How to cultivate strong customer relationships: focus on the “sliding door” moments and ATTUNE

Don and Martha say practice the Golden Rule

In their latest post – “Empathy, Self-Interest and Economics” – Don Peppers and Martha Rogers spell out the importance of the Golden rule.  They point out that at a behavioural level only psychopaths conform to the view of human nature taken by neo-classical economics.  To business leaders they say:

“Companies that want to earn their customers’ trust have to be willing to act in their customers’ interest—sometimes even when the customers’ interest conflicts with their own (at least in the short term). This is why i-Tunes will remind you that you already own a song you are about to purchase, for instance. And it’s why USAA won’t sell you more insurance than you really need, even if you mistakenly ask to do so.”

“The point is that having empathy for others is a critical part of human nature, and if you want your business to succeed, then you have to show empathy for customers, also. That means treating a customer the way you’d want to be treated yourself, if you were that customer.”

Is the UK utility industry listening to Don and Martha?

It doesn’t look like the Tops in utilities industry in the UK are listening to Don and Martha.  Npower has been slapped with a £2m fine by the regulator Ofgem.  Why? According to Marketing Week:

“Ofgem says Npower failed to record all details of the complaints it received and did not put in adequate processes to deal with complaints. It was also accused of not giving dissatisfied customers enough information about the Energy Ombudman’s redress service.”

Now you might be tempted to think that this is a one-off, an aberration.   Well British Gas (the major player) was fined £2.5m back in July.  Why?  Well in the words of Marketing Week:

“Ofgem’s investigation found that British Gas had failed to re-open complaints when the customer reported and unsatisfactory resolution; failed to provide customers with key details about the service provided by the Energy Ombudsman and failed to put in place adequate processes and practices for dealing with complaints from small businesses.”

And Marketing Week goes on to write EDF Energy is also currently under investigation from Ofgem over the way it handles its complaints.”

So where are we at?  Two of the six big players that dominate the gas and electricity market have been fined for mishandling customer complaints and a third player (EDF) is under investigation for the same offence.  What does Npower have to say:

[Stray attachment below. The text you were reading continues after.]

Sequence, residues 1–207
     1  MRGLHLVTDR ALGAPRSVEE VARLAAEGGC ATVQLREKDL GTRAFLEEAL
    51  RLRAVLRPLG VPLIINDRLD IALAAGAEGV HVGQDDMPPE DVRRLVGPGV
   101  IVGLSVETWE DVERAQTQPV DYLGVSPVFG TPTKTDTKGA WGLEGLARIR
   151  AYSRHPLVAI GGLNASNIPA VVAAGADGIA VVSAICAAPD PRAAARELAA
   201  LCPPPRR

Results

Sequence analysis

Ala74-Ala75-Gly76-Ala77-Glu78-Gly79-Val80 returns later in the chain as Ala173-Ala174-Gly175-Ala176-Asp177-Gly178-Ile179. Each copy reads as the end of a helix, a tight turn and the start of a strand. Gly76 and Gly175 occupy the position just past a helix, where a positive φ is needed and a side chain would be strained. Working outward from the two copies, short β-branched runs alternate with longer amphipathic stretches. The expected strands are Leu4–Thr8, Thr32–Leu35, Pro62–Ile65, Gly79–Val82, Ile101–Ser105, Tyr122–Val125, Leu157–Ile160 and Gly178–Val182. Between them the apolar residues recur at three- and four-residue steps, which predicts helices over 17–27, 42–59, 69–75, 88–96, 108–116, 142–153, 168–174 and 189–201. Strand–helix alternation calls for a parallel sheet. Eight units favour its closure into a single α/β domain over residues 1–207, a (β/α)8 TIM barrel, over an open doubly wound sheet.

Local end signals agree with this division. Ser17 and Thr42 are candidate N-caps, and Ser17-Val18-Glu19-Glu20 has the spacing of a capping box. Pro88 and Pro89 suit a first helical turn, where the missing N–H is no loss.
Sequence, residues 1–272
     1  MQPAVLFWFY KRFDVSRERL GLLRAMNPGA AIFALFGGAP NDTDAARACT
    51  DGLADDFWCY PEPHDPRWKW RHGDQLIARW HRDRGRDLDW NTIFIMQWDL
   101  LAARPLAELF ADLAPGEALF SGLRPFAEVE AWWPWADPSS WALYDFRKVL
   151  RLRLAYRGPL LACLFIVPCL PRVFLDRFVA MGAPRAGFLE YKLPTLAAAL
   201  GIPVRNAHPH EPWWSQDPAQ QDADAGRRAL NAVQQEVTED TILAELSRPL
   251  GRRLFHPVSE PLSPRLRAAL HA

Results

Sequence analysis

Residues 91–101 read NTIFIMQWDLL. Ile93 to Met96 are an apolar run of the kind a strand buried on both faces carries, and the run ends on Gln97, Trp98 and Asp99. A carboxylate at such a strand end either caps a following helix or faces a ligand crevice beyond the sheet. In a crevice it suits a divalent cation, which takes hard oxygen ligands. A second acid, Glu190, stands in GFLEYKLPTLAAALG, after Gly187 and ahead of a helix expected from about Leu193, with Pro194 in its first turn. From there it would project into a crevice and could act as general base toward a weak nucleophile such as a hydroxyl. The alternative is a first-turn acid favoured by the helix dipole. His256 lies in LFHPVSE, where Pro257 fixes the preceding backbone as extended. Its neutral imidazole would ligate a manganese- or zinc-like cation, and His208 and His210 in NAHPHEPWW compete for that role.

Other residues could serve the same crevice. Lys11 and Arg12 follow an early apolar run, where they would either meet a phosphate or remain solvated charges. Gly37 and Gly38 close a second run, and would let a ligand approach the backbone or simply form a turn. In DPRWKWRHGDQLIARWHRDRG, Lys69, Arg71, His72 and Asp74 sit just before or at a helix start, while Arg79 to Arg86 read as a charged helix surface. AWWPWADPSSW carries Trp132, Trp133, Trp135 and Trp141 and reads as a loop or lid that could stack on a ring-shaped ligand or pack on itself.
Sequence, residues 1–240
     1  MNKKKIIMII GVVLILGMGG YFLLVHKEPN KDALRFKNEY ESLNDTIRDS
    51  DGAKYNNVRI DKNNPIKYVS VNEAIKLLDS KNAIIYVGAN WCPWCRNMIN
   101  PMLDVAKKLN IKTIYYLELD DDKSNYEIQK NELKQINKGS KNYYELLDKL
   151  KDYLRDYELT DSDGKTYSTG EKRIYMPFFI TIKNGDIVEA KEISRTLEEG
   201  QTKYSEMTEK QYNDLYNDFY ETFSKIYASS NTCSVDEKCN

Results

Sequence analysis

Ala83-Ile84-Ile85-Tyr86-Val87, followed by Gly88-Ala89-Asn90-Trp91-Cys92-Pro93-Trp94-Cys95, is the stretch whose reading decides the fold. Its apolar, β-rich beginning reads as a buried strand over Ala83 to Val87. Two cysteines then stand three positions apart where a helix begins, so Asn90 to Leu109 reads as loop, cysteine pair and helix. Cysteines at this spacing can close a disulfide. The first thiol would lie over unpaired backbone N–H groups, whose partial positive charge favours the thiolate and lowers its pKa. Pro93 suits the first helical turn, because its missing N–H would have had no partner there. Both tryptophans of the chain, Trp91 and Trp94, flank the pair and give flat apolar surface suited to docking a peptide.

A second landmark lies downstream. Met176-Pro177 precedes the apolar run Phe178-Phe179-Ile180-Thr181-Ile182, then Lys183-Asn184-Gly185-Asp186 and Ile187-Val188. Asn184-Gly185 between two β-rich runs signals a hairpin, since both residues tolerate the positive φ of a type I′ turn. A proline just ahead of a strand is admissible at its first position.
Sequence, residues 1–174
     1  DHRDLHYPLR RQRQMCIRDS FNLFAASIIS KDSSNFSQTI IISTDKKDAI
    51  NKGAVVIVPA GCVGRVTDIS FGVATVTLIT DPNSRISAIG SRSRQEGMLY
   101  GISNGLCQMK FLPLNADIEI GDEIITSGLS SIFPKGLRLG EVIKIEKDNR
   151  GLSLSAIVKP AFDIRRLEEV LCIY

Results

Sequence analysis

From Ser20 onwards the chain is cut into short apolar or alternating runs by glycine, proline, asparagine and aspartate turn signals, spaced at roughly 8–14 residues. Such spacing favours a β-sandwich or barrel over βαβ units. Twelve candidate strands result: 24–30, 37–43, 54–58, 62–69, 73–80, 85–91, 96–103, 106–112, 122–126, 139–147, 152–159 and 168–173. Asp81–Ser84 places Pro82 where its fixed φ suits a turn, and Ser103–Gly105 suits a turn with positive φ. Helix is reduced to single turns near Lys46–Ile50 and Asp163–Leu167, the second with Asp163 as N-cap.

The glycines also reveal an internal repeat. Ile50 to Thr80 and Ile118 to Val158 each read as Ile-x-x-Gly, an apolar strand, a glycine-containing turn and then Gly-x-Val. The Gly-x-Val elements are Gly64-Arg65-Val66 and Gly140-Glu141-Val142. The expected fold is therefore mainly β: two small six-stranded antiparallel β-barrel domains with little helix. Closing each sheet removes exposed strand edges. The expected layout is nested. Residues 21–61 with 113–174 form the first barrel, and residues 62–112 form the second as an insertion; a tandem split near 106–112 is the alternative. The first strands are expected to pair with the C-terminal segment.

“A small number of processes were not correctly adhered to. Ofgem is now satisfied that all problems have been rectified and we are fully compliant with our obligations to our customers. We have zero tolerance for this type of issue and we’ll continue to work hard to make sure our customers are put first.”

I don’t know about you but to me that sounds like a load of bull: if Npower really did have a zero tolerance for this type of issue then it would have made sure that an effective complaints management process, team, system was in place.   When you lookmore deeply at the industry you see that the structure has been designed to extract profits at the expense of customers: complex pricing, too many confusing tariffs, bills that are difficult to understand……

Making the customer relationship work: what we can learn from John Gottman

I you do operate in a competitive industry then you might be able to learn from the research of John Gottman – he is been studying what makes marriages work (or not) for over 40 years.  In a recent article he sets out the key things that he has learnt:

“What I found was that the number one most important issue that came up to these couples was trust and betrayal. I started to see their conflicts like a fan opening up, and every region of the fan was a different area of trust. Can I trust you to be there and listen to me when I’m upset? Can I trust you to choose me over your mother, over your friends? Can I trust you to work for our family? To not take drugs? Can I trust you to not cheat on me and be sexually faithful? Can I trust you to respect me? To help with things in the house? To really be involved with our children?”